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Traffic safety report shows increase of pedestrian deaths

By: Sam Normand

In 2011 Ontario’s roads were the safest in 80 years, unless you’re a pedestrian, according to the recently released traffic safety statistics report.

The report was released by the Ontario Provincial Police last week, showing statistics for fatalities on Ontario’s roads and trails.

All areas covered by the report showed marked reduction except one: pedestrian fatalities. In fact, a dramatic increase of approximately 30% more were killed along Ontario’s roads in 2011 than 2010.

Seargeant Kristine Rae attributes these deaths largely to pedestrians not being cautious enough around highways.

“Pedestrians need to be aware that you can’t just cross a four lane highway safely, or six lanes, or eight lanes depending on where you are. You just can’t do that, you can’t be on the side of the road,” said Rae.

The report is the collaboration of data collected by OPP across the province, comparing fatalities from 2011 to the previous year.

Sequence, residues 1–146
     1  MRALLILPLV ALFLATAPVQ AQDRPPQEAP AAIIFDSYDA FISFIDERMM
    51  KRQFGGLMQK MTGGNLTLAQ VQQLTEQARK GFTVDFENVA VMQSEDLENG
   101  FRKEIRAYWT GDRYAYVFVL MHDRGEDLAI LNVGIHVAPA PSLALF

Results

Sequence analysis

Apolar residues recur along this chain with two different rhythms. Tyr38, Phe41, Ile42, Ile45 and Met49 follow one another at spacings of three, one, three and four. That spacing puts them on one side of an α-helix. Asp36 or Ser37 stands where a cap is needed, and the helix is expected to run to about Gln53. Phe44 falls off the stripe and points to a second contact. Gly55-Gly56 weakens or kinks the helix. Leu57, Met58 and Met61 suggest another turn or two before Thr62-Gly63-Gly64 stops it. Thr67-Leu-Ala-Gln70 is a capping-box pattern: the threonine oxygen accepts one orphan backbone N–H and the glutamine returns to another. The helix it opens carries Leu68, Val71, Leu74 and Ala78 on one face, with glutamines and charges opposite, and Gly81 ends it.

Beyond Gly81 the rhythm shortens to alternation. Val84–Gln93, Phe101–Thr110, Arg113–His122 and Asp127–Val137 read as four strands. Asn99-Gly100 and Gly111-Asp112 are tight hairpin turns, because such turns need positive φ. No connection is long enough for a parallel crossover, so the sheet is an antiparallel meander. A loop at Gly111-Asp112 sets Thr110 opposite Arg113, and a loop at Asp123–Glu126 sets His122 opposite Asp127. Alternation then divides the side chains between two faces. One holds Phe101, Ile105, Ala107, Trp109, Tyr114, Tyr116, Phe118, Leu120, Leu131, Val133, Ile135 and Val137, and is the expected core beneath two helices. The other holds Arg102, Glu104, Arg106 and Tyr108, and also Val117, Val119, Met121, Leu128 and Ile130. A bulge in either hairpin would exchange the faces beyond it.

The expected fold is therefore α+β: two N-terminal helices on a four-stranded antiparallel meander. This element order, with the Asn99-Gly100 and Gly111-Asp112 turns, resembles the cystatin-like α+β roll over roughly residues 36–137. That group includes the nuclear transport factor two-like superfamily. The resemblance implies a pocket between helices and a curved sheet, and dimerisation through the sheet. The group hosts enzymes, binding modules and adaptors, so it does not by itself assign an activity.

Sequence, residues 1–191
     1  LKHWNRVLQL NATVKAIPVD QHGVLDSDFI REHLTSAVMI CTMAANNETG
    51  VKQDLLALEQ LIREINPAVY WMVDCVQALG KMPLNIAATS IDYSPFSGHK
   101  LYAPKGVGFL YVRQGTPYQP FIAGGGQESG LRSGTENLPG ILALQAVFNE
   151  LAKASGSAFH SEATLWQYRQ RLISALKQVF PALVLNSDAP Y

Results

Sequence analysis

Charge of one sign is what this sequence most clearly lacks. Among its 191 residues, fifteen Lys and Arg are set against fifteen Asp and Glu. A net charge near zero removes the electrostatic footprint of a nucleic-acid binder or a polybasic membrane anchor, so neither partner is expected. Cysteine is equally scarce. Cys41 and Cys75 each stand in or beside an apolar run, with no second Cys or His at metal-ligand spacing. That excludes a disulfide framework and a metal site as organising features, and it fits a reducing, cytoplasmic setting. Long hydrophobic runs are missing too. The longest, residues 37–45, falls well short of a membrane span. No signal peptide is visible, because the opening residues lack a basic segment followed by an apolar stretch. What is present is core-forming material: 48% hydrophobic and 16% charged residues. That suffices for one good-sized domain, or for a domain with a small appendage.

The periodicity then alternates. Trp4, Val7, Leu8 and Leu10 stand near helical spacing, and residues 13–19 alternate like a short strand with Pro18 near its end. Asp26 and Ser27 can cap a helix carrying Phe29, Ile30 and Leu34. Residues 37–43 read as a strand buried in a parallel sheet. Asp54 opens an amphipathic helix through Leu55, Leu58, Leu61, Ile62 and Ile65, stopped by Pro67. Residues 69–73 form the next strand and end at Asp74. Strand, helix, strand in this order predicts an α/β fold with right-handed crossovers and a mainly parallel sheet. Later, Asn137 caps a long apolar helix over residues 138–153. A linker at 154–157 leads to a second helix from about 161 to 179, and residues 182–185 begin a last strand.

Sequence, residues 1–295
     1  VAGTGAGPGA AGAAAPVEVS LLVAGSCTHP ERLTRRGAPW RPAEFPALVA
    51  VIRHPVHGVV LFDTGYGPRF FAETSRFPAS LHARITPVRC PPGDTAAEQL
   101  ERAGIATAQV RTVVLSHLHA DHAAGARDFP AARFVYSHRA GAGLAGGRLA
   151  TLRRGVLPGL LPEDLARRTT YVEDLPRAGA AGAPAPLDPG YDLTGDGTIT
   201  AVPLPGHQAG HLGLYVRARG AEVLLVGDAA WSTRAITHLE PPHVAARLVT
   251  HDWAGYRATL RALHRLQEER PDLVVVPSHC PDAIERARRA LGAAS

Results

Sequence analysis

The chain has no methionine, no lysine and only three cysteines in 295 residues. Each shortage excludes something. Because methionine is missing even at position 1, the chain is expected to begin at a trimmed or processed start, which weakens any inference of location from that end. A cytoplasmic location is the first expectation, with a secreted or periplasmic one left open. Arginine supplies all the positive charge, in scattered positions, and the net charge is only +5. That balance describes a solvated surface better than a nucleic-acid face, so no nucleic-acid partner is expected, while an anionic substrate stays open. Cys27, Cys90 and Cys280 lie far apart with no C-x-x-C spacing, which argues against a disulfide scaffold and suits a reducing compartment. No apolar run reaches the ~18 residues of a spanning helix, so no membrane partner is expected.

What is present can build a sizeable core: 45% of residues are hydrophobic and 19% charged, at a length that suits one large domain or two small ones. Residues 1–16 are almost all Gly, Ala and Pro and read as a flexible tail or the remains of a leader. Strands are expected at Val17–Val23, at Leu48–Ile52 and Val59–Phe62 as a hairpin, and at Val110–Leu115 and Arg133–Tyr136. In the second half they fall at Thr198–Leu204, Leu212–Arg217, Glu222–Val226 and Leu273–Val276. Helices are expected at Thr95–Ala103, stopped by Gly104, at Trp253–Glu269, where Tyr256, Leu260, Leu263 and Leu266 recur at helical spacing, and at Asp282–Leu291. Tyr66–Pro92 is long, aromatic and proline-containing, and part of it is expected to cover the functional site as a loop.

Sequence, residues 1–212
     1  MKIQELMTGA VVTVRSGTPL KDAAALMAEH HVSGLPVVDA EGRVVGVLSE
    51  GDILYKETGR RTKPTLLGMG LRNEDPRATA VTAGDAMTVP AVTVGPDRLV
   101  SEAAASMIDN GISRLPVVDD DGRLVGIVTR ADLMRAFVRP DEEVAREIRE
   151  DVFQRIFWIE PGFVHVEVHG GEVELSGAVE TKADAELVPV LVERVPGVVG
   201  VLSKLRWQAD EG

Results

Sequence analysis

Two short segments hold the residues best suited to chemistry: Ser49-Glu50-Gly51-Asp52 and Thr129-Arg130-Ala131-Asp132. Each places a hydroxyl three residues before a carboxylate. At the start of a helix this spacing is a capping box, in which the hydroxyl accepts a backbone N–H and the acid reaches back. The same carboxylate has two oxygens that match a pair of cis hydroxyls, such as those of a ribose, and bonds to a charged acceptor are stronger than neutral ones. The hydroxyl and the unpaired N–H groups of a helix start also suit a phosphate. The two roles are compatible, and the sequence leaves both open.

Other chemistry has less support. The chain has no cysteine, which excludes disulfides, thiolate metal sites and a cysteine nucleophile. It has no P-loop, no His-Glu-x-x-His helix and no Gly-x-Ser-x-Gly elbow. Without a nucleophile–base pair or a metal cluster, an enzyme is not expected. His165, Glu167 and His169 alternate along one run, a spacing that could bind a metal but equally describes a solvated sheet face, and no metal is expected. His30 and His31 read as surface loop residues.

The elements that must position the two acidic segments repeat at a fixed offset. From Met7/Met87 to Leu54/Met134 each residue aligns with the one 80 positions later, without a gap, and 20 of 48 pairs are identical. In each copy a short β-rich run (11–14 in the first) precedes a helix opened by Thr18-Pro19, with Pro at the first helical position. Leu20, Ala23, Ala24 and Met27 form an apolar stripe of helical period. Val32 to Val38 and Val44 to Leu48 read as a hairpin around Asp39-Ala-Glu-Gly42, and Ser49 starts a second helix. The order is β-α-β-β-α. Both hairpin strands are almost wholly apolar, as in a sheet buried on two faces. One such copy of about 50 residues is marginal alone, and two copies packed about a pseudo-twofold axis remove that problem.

Deputy OPP Commissioner Larry Beechey said that the report indicates the lowest fatality rates in 80 years. He said that this is the result of the 2007 implementation of the provincial traffic safety program.

The program focuses on reducing fatal collisions through education of the four most dangerous driving trends. These include impaired driving, aggressive driving, and seatbelt use.

Snowmobile fatalities dropped the most, by 40 per cent. The lowest was in fatal motor vehicle collisions, which fell by 12.2 per cent. The amount of fatalities in those collisions fell by 13.1 per cent.

According to Rae, the OPP hopes to reduce these numbers even further.

“We’re always trying to reduce our fatal collisions, because a fatal collision not only effects that family, it affects numerous people. Including just when the highways closed and people are stuck in traffic for hours,” said Rae.

She said the fact that almost everyone has been in, or been affected by a collision drives the point home.

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